پل زدن B2C و B2B تقسیم کردن پژوهش: دامنه ادبیات خرده فروشی
|کد مقاله||سال انتشار||مقاله انگلیسی||ترجمه فارسی||تعداد کلمات|
|24009||2008||27 صفحه PDF||سفارش دهید||12807 کلمه|
Publisher : Elsevier - Science Direct (الزویر - ساینس دایرکت)
Journal : Journal of Retailing, Volume 84, Issue 4, December 2008, Pages 371-397
As the oldest academic journal in marketing, Journal of Retailing publishes research dealing with all sorts of B2B and B2C retailing-related topics. However, there appears to be a perception that Journal of Retailing welcomes only research pertaining to B2C issues. In this article, we debunk that perception through an analysis of the content of Journal of Retailing articles published during the 2002–2008 period. In particular, we find that only 18.7% of Journal of Retailing's content is devoted exclusively to B2C or C2C (consumer-to-consumer) topics. The remainder focuses on B2B research issues. We explore the implications of these findings for researchers who wish to pursue retailing-related B2B research.
Conventional wisdom has it that B2B marketing and B2C marketing are two distinct entities, and never the twain shall meet. Championing this dichotomy are academic journals specifically devoted to B2B (alternatively, read “industrial marketing”) or B2C (alternative label being “consumer marketing”) domains (e.g., Journal of Business-to-Business Marketing, Industrial Marketing Management, Journal of Consumer Research, Journal of Consumer Psychology), academic scholarly sub-groups (e.g., ISBM, ACR), and of course a whole host of textbooks devoted to business versus consumer marketing. The purpose of this polemic is to argue the following points: • First, that the B2B versus B2C divide is an obsolete concept. • Second, it is difficult to isolate pure B2B or pure B2C research in business. • Third, the field of retailing straddles and actually brings these two together. B2B versus B2C divide is obsolete During the 1980s and early 1990s while the field of marketing was engaged in a soul-searching introspective debate involving philosophy of science prescriptions (cf., Anderson, 1983, Bazozzi, 1984, Hunt, 1990 and Peter, 1992), Fern and Brown (1984) advanced another heretical idea in their article titled “The Industrial/Consumer Marketing Dichotomy: A Case of Insufficient Justification.” In summary, they argued (page 75): … [T]o date the observed differences between industrial and consumer marketing (1) have not been causally related to marketing practice or theory formulation, (2) have not been tested empirically, and (3) have not been justified on logical grounds. In short, the purported differences have not played an instrumental role in the development of marketing thought. The wisdom of this early prognosis is now being supported by at least three streams of research in contemporary marketing thought: (1) the emergence of the Supply Chain Management (SCM)2 perspective to managing businesses amply demonstrates that this B2B and B2C division is artificial (cf. Brown et al. 2005); (2) the nascent service-dominant logic3 being advanced by Vargo and Lusch, 2004 and Vargo and Lusch, 2006 and their colleagues (e.g., Lengnick-Hall 1996; Lusch, Vargo, and O’Brien 2007) which entails the co-production of the creation of value by including consumers into process; and (3) the increasingly noteworthy marriage of ostensibly consumer behavior and interpersonal constructs like attribution, personality, trust, and commitment into B2B contexts.4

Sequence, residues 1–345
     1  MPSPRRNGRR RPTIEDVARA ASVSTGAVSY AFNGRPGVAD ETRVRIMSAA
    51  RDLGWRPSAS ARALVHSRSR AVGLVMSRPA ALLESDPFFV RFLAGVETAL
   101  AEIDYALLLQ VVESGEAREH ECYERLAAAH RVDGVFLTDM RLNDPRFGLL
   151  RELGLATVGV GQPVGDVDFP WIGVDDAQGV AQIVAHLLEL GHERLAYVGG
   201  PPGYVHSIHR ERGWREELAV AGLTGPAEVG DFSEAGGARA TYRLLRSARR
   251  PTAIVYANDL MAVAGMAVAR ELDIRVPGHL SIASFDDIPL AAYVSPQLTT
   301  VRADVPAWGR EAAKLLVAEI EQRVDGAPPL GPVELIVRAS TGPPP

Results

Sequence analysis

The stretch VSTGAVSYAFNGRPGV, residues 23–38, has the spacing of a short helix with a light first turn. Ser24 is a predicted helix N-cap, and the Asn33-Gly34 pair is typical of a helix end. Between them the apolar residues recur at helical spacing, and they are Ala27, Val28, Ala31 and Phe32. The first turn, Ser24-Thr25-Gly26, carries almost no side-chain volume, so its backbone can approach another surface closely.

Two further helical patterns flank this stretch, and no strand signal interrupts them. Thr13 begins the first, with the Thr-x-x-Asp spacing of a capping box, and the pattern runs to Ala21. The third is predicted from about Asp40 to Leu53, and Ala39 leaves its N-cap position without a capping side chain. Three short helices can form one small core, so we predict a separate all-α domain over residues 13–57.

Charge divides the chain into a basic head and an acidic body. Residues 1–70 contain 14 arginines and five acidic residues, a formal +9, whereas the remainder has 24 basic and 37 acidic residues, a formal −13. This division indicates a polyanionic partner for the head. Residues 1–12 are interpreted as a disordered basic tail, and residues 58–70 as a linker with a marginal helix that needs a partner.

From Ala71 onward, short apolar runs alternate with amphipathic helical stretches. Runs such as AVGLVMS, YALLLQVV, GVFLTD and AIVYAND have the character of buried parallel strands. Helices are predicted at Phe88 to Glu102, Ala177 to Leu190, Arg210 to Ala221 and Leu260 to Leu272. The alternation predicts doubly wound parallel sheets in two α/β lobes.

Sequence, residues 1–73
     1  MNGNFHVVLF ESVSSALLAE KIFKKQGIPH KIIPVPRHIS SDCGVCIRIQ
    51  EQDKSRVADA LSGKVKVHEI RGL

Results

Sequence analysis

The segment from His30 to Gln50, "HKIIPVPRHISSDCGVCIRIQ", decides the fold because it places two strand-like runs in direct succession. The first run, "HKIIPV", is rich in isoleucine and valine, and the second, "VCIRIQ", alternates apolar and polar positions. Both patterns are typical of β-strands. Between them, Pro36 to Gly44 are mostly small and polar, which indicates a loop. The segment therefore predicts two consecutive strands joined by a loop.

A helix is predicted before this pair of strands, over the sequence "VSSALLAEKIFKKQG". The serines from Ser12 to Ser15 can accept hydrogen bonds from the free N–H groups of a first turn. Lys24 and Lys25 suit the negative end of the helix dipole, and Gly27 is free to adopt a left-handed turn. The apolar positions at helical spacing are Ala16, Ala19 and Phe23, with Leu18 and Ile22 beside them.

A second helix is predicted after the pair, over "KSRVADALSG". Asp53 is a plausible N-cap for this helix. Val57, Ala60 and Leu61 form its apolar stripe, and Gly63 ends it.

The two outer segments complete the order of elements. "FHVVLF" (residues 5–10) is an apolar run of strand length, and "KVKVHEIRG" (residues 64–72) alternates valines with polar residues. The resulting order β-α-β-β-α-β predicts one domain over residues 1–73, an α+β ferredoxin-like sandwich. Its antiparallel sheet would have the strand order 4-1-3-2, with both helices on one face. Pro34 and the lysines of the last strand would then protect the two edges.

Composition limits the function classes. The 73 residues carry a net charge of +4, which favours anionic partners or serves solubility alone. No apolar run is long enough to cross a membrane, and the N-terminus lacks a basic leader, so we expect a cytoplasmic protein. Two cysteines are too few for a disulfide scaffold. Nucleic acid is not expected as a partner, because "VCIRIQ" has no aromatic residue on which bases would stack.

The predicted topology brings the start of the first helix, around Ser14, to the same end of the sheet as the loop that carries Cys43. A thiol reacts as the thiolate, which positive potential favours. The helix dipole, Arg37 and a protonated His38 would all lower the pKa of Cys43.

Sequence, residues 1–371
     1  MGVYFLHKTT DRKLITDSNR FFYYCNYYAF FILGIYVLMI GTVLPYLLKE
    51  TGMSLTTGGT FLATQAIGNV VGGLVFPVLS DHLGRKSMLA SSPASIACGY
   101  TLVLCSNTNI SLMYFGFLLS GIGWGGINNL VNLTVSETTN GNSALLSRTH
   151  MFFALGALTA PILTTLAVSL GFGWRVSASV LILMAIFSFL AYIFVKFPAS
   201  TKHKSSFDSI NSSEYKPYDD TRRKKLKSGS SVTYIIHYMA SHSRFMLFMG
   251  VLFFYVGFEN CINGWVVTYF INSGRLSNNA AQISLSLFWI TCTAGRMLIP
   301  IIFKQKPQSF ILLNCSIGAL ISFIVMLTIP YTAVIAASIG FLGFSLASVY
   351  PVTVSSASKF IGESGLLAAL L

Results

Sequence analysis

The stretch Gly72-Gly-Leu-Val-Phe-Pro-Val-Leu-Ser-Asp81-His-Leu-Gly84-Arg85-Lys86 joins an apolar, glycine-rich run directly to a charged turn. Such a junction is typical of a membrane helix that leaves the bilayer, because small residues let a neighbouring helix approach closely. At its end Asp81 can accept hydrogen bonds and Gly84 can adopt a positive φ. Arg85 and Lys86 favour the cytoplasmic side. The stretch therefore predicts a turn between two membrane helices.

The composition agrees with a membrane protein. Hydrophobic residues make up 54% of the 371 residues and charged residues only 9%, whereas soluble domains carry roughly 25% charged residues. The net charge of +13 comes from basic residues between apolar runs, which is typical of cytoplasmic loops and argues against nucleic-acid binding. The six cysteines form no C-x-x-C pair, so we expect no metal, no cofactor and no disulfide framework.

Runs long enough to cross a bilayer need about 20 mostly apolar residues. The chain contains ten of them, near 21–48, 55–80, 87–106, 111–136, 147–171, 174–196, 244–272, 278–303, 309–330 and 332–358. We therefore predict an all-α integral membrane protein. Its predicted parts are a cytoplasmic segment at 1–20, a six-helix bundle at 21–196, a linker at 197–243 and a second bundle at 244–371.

نتیجه گیری انگلیسی
Our review of the content of the Journal of Retailing during the period 2002–2008 reinforces our assertion that Journal of Retailing is indeed a broad-based outlet for marketing research related to retailing topics ( Brown and Dant 2006). As Table 1 and Table 2 show, Journal of Retailing is not solely restricted to (or even focused on) the B2C research domain. Rather, retailing-related investigations in the C2C and B2B domains also find a welcome home at Journal of Retailing. Indeed, Table 2 shows a number of retailing-related B2B research areas that would benefit from additional attention. Included in this list are (1) global retailing; (2) the retailing implications of innovation and new product development; (3) marketing research in retailing; and (4) the retailing of services. In addition to being an outlet for retailing-related B2B research (as well as C2C and B2C investigations), the Journal of Retailing is also an important resource for researchers seeking background literature and conceptual insights on B2B issues, as well as C2C and B2C topics.